The key here is that after we choose some particular vertices to color, the symmetry group reduces to the stabilizer of those vertices (i.e. the elements of the automorphism group that preserve it). Given a current symmetry group, our choice lies only in what orbit to place the color in, as all choices within a given orbit are the same up to that symmetry (practically by definition).

When I have the chance I'll update this answer with a description of how to do this in Mathematica.

• You'd better attach a complete code at the end to facilitate debugging. Besides, I didn't find the definition of function AutG. – A little mouse on the pampas Feb 22 at 1:04
• Ok, cool, added. Also, by the way, AutG is the list of group elements in the graph automorphism group; it's only used in AutMod, which defines it via a With statement. – thorimur Feb 22 at 3:05
• Your second piece of code (230) seems to be missing a symbol ]. – A little mouse on the pampas Feb 22 at 4:48
• ah, thank you; fixed. – thorimur Feb 22 at 5:32
• And indeed, we can check that that group and the graph automorphism group have the same elements: ContainsExactly[GroupElements@PermutationGroup[{Cycles[{{2, 3, 4, 5}}], Cycles[{{1, 2, 6, 4}}], Cycles[{{1, 6}}]}], GroupElements@GraphAutomorphismGroup[g1]] gives True. – thorimur Feb 22 at 17:52

It's not an original answer, it's just a supplement to the answer of thorimur.

g1 = Graph[(Sort /@
Flatten[Map[
Thread[#[[1]] \[UndirectedEdge] #[[2]]] &, {{1, {2, 3, 4,
5}}, {2, {1, 3, 5, 6}}, {3, {1, 4, 2, 6}}, {4, {1, 3, 5,
6}}, {5, {1, 2, 4, 6}}, {6, {2, 3, 4, 5}}}]]) //
DeleteDuplicates,

UnrestrictedColoringQ[g_, coloring_Association] :=
ContainsExactly[VertexList[g], Keys[coloring]];

ColoringQ[g_, c_Association] :=
FreeQ[Map[c, EdgeList[g], {2}], v_ \[UndirectedEdge] v_, 1] /;
UnrestrictedColoringQ[g, c];

AllUnrestrictedColorings[g_] :=
With[{vs = VertexList[g]},
Tuples[Table[i, {i, Length[vs]}], Length[vs]]];

AllLabeledColorings[g_] :=
Select[AllUnrestrictedColorings[g], ColoringQ[g, #] &];

AutMod[g_, clist : {___Association}, autg_List : Null] :=
With[{AutG =
Replace[autg, Null :> GroupElements[GraphAutomorphismGroup[g]]]},
DeleteDuplicates[
Function[c,
Function[h,
KeySort@KeyMap[Function[v, PermutationReplace[v, h]], c]] /@
AutG] /@ clist, ContainsExactly]]

(*With g1 as above:*)
H = GroupElements@
PermutationGroup[{Cycles[{{2, 3, 4, 5}}], Cycles[{{1, 2, 6, 4}}]}];
G1 = GroupElements@
FiniteGroupData["Octahedral", "PermutationGroupRepresentation"];
G2 = GroupElements@
PermutationGroup[{Cycles[{{2, 3, 4, 5}}], Cycles[{{1, 2, 6, 4}}],
Cycles[{{1, 6}}]}];
num1 = AutMod[g1, AllLabeledColorings[g1]] // Length
num2 = AutMod[g1, AllLabeledColorings[g1], G1] // Length
num3 = AutMod[g1, AllLabeledColorings[g1], G2] // Length
num4 = AutMod[g1, AllLabeledColorings[g1], H] // Length
GraphAutomorphismGroup[g1] // GroupOrder(*It is shown that graph G1 is isomorphic to its rotated and flipped graphs*)


The above code takes about 800 seconds to calculate num2. And the results of the above codes are 215, 1860, 215, 230 , 48.

Where num1 = num3, this conclusion is very useful. But one thing I'm confused about is that groups G1 and G2 are both groups of order 48, representing regular hexahedral groups. Why are num2 and num3 not equal? I want to know the underlying reasons for their different results.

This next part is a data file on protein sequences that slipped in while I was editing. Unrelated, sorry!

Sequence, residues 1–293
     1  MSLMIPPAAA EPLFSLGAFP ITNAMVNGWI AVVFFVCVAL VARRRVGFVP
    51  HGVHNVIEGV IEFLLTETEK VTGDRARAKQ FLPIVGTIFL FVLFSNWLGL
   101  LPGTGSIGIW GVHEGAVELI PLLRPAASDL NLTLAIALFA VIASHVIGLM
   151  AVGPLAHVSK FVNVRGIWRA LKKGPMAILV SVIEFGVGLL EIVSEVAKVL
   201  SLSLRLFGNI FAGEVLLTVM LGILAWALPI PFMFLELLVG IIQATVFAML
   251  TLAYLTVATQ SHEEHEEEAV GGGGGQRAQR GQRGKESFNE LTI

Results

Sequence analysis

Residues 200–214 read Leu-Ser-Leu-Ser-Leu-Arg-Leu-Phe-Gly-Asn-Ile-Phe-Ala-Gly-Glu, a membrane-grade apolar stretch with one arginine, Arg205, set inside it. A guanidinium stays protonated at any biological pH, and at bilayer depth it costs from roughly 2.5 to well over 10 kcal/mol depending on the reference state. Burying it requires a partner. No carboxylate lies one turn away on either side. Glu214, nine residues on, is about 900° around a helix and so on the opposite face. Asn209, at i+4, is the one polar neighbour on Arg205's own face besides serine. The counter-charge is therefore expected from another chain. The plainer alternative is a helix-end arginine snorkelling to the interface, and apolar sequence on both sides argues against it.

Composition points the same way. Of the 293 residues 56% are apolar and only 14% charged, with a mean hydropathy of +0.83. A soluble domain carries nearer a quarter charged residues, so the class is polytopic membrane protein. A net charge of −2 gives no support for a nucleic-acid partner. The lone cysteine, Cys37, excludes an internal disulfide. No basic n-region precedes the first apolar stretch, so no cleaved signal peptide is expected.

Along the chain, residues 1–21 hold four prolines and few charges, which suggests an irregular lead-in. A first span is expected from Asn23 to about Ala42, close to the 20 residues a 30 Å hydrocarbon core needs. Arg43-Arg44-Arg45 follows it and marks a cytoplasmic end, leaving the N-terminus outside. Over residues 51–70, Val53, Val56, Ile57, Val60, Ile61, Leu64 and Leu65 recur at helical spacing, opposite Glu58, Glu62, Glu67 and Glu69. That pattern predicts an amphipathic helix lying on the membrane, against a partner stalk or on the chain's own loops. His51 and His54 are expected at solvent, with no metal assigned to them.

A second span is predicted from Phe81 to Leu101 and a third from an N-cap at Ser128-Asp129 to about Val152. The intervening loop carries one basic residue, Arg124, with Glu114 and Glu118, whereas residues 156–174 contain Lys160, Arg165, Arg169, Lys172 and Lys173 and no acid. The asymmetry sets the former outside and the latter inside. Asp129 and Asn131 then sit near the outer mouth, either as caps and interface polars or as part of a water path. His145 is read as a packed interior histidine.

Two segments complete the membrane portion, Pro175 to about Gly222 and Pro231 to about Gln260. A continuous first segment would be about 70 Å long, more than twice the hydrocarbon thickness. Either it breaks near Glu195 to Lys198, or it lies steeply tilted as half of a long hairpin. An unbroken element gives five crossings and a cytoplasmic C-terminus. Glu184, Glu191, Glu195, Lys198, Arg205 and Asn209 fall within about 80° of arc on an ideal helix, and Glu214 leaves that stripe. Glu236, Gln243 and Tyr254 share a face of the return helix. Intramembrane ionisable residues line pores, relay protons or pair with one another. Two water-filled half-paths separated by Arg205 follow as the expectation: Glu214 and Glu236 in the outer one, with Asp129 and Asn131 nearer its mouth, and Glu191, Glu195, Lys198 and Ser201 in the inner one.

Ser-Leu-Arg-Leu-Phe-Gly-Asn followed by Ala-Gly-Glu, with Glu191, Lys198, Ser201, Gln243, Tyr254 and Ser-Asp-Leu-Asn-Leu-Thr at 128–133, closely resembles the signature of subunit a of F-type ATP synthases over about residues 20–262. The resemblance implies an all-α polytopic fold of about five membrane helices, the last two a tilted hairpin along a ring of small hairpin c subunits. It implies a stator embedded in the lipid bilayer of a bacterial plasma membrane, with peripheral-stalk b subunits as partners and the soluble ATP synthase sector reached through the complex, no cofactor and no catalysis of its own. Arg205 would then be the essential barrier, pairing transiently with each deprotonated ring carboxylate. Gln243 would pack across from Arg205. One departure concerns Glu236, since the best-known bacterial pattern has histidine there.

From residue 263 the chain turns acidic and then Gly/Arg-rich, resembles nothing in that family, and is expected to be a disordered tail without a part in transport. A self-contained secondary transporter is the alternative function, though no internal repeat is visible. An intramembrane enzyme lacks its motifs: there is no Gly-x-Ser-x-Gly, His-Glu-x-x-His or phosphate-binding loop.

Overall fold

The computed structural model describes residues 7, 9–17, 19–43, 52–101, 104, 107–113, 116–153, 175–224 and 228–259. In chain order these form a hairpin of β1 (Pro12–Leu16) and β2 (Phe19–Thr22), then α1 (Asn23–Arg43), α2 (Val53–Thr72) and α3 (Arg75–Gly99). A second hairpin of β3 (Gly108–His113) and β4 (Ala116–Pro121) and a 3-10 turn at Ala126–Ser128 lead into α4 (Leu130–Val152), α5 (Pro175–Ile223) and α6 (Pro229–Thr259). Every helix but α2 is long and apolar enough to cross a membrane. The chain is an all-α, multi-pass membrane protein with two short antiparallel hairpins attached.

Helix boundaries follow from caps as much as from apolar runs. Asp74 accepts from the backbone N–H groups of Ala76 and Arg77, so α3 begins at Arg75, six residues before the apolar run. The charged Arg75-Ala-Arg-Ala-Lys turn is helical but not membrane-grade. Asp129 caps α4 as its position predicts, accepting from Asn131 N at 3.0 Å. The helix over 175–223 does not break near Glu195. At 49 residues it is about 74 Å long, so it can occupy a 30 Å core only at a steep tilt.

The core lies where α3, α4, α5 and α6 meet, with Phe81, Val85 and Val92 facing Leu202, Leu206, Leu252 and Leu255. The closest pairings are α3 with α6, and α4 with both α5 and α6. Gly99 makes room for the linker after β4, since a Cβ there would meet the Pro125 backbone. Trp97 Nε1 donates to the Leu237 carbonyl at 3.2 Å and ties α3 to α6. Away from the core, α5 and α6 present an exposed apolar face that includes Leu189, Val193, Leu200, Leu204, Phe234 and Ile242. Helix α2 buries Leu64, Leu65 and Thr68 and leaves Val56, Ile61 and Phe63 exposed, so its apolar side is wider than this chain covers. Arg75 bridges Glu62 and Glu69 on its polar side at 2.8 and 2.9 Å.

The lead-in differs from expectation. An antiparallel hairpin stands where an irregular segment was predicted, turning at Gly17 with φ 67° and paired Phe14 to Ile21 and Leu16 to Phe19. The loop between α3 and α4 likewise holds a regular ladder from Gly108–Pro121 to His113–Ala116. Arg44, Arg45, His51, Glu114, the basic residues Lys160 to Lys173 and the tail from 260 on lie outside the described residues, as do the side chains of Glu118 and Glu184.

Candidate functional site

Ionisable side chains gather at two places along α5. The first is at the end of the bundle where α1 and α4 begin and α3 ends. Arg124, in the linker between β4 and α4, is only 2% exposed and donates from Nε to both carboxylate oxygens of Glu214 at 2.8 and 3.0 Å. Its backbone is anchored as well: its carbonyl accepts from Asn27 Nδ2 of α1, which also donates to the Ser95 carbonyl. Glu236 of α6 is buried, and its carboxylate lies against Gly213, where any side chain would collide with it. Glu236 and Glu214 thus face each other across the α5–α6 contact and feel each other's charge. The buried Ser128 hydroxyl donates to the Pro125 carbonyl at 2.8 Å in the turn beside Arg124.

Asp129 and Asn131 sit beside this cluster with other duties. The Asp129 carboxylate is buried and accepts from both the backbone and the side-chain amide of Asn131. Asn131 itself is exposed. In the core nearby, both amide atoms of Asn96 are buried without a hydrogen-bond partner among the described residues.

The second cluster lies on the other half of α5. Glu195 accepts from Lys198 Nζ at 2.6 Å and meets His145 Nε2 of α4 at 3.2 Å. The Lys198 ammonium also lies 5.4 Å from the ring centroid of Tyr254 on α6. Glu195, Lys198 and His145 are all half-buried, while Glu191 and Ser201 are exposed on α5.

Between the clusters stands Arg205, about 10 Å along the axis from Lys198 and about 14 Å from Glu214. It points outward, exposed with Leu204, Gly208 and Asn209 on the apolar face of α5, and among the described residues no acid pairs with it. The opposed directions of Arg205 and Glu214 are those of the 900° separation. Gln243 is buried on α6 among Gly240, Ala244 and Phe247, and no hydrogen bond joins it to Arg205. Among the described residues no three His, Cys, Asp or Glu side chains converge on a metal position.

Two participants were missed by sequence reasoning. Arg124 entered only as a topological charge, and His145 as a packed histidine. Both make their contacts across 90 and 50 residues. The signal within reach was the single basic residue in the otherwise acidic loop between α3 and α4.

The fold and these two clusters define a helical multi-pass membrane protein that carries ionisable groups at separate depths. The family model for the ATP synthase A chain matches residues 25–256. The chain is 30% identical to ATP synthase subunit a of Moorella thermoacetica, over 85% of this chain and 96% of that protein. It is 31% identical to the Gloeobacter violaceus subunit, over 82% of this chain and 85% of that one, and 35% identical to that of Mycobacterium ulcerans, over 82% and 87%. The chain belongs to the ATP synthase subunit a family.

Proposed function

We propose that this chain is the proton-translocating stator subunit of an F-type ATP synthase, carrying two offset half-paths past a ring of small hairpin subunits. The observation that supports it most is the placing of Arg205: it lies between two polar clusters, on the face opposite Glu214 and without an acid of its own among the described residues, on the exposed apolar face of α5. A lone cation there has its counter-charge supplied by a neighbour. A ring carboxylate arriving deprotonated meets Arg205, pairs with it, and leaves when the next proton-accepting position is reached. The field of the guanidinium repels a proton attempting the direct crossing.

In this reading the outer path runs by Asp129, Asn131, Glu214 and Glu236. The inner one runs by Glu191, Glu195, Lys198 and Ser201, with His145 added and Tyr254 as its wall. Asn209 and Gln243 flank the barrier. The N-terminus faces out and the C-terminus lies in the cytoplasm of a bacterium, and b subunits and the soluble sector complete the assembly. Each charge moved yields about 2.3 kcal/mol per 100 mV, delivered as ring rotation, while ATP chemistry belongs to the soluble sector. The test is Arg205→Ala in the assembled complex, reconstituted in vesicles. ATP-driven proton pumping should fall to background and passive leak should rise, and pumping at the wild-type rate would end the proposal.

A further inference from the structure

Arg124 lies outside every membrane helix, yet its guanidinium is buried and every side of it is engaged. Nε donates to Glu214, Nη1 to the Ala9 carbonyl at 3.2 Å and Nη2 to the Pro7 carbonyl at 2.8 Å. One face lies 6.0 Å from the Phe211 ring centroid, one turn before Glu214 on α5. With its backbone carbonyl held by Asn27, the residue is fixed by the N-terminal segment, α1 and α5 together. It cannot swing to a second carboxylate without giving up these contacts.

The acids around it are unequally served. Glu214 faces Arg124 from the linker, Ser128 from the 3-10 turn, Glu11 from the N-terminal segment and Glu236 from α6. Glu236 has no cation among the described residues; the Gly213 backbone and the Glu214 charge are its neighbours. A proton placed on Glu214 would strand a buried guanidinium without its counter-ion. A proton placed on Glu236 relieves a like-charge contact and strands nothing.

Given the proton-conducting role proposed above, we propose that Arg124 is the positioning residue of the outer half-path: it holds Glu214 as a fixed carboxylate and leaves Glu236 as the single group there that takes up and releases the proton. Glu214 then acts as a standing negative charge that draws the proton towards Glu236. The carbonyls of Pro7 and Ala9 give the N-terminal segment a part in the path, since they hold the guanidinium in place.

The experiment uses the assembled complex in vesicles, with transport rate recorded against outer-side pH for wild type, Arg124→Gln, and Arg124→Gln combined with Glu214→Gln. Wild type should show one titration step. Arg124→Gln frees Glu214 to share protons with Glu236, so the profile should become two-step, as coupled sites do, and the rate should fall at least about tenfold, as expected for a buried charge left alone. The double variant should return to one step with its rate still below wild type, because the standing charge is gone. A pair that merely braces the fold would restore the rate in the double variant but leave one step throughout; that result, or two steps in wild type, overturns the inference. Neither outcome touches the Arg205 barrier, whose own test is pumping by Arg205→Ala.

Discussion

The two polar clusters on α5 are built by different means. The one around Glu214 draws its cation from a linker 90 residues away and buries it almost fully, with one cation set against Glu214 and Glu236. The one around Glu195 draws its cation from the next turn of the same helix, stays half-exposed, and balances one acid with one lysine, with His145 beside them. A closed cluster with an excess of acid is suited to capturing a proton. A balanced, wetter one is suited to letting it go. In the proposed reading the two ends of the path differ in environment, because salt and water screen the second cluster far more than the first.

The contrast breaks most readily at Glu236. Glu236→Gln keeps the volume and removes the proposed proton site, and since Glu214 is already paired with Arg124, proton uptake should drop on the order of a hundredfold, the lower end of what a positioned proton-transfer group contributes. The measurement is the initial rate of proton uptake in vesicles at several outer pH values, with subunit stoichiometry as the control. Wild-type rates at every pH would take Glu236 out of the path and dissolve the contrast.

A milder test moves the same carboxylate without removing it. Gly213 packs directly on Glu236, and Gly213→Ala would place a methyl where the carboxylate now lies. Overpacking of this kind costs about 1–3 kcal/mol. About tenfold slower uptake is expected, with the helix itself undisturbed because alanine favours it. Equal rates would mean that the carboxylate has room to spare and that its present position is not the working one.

Comparison with the results of standard answers:

AutG = GroupElements[GraphAutomorphismGroup[g1]];(*正六面体旋转或反射后的48个同构*)
clist = AllLabeledColorings[g1];(*先找到4080个两个共棱面颜色不同的染色方案*)
sol = Tally[
Function[c,
Function[h,
KeySort@KeyMap[Function[v, PermutationReplace[v, h]], c]] /@
AutG] /@ clist, ContainsExactly];(*This code takes about 50 seconds to run*)
(*找到这4080个方案的每一个的图的48个同构;然后判断4080个48同构子集之间是否重复，去重*)
sol[[All, 2]](*List of the number of schemes repeated with each feasible dyeing scheme*)
CountDistinct /@ Values /@ sol[[All, 1, 1]](*Number of colors used for each scheme*)
Tally[CountDistinct /@ Values /@ sol[[All, 1, 1]]]

(3  20
4  90
5  90
6  15)


It can be seen that there are 15 schemes using 6 colors, which is different from the result of the reference answer.

• So, one reason num2 ≠ num3 is: despite being an isomorphic group to our graph automorphism group, FiniteGroupData["Octahedral", "PermutationGroupRepresentation"], knows nothing about how we've numbered our graph vertices. That information is particular to g1 and the groups derived from it. As such, when it tries to, say, "exchange opposite faces", it might actually be exchanging adjacent faces, because it could be using diifferent names for the vertices. Also... – thorimur Feb 24 at 0:29
• ...and more fundamentally, permutation group representations of a given group are not unique, even in properties of the permutations. For example, we know that our representation of this group, which is represented as acting on faces, includes a cycle that only exchanges two elements: Cycles[{{1,6}}] for example. But upon inspecting the GroupElements of the above, you'll find no such permutation among them. Further, you'll find this group is represented via permutations on 8 elements, whereas we use only 6. Nonetheless, as groups, they are still isomorphic in the abstract. – thorimur Feb 24 at 0:37
• @thorimur Thank you very much for your kind help. – A little mouse on the pampas Feb 24 at 1:55